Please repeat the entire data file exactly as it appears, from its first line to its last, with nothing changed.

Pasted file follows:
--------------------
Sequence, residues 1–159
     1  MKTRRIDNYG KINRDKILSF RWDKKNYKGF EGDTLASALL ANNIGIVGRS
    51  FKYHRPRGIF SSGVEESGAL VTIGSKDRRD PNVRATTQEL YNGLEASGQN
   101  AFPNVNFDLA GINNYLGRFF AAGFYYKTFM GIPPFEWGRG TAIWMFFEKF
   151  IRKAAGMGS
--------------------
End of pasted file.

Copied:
Sequence, residues 1–159
     1  MKTRRIDNYG KINRDKILSF RWDKKNYKGF EGDTLASALL ANNIGIVGRS
    51  FKYHRPRGIF SSGVEESGAL VTIGSKDRRD PNVRATTQEL YNGLEASGQN
   101  AFPNVNFDLA GINNYLGRFF AAGFYYKTFM GIPPFEWGRG TAIWMFFEKF
   151  IRKAAGMGS